Tag Archives: Sanjay Gupta

Bloody Northies!!!

By Joybrato Dutta

northies in bangalore

That’s what I heard most of the time in the span of 3 years that I stayed in Bangalore. A small-town guy by birth, I moved to Bangalore to pursue higher education. Well, I guess that’s what 90% of all small town aspirants do. So, is that a mistake? It turned out to be one. Since our (Northies) first day we were told that, this city is not our home and it can never be. We are not allowed to ‘disrespect’ any ‘Localite’, or date a local chick.

All that was taken into consideration, but there was one important thing we didn’t know. “We aren’t supposed to perform well”! In case you did, your teachers will make sure it doesn’t show in your results. Of course we all passed.

Coming back to the “Disrespecting a Localite” part. One of my Northie counterpart pushed a Khatta (that’s how we addressed them) while playing ‘pitto’. Inculcated with ethics my friend helped him get up. But, what does he get in return? A couple of abuses and a slight mishandling of the collar. Now, we small town guys can tolerate every bloody insult, but, someone holding our ‘Girebaan’ is something we can’t stand.

The result: A fight for dignity and self respect. Bruised faces, uprooted shrubs, torn T-shirts, a fractured thumb and a couple of half-murder cases followed. One of my friend got 17 fractures in his thumb and till today (incident happened 4 years back) struggles to bend his thumb.

We thought we won the fight, but we failed to realise the fight wasn’t over. 2 hours before his first semester exam my friend (with a fractured thumb) was denied a writer. All of us were denied a place in the hostel. Most importantly since then whenever anything went wrong we were called for interrogation, doesn’t matter if you weren’t in town. “Saaley humey talcum powder samajh ke rakhe the, jab khujli hui bula liya” (Courtesy – Sanjay Gupta’s Kaante).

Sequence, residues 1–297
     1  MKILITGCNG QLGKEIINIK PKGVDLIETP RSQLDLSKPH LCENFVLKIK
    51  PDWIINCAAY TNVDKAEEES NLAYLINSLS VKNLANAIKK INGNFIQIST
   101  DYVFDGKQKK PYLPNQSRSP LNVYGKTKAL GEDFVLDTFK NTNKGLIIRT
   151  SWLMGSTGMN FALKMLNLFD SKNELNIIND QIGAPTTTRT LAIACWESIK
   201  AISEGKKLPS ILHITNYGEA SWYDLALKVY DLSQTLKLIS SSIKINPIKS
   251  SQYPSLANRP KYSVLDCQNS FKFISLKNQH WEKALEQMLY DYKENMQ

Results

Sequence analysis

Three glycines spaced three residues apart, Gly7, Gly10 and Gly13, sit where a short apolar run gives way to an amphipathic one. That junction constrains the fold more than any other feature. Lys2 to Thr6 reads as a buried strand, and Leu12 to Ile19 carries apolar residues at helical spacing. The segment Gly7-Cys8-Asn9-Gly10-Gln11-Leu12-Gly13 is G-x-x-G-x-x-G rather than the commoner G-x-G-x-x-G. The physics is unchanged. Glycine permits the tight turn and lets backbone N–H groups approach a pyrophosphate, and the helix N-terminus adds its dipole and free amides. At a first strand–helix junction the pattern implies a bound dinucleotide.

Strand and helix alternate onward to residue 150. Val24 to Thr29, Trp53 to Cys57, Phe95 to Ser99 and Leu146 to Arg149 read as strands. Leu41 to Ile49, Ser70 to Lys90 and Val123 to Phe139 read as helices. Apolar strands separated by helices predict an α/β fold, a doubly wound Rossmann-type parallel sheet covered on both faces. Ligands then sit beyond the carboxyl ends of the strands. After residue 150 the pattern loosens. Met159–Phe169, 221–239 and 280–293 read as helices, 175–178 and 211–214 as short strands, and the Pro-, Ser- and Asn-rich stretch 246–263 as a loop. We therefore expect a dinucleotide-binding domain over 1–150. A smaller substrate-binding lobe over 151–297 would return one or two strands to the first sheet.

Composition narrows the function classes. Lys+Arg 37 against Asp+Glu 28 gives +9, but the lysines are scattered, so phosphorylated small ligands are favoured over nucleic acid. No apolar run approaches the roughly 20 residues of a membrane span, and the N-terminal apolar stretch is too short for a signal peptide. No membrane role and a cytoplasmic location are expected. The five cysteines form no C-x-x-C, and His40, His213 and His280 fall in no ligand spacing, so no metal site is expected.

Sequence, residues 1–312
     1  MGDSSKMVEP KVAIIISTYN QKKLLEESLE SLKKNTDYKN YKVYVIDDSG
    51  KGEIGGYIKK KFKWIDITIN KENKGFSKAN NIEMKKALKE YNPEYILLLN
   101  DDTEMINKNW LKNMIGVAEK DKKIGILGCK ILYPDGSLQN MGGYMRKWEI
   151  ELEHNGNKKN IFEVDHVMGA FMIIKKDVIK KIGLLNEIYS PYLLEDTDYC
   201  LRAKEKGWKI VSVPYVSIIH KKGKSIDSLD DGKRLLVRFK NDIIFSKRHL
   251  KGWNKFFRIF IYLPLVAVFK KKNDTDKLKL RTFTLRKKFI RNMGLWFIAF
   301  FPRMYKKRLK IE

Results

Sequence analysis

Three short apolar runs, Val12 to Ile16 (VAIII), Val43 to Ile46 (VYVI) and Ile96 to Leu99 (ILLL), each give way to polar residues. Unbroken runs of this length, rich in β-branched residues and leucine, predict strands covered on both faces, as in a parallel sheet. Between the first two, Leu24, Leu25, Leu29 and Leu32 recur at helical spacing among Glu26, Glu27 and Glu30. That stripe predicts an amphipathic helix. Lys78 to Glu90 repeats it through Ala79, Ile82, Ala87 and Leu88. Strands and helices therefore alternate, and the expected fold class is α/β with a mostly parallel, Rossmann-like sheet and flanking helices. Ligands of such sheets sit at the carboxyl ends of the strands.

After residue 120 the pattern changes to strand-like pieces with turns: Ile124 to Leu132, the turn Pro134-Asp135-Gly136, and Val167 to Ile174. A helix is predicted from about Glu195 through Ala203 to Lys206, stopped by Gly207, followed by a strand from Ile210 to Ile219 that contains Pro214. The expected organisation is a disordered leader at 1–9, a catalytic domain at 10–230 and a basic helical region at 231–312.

I don’t really hate the city because it gave me fantastic friends and taught me many lessons. They have their reason for their actions. They are jealous of the fact that we achieve as much as they do in their hometown. They feel that because of us, many of their people are unemployed. Most importantly the population density has increased. May be they have a point, but don’t they do the same. I refuse to believe that none of them move out of their cities for a better future. How can we point at the western nations for being racially biased when the same shit happens in our country?

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John Abraham Redeems Himself in Shootout at Wadala

shootout-at-wadala

Plot (3 stars)

A bright student scores 78% in college. He holds certain ideals close to his heart. For instance, he never cheats in exams. He has good prospects and dreams of becoming a respectable serviceman. However, his life takes a tragic turn when he is framed for murder by a policeman. He and his step-brother get a life sentence. It is then that Manohar Arjun Surve, a simple boy from Mumbai, turns into a lethal criminal Manya Surve who challenges the authority of the police and the dominance of Dawood Ibrahim to rule the Mumbai underworld!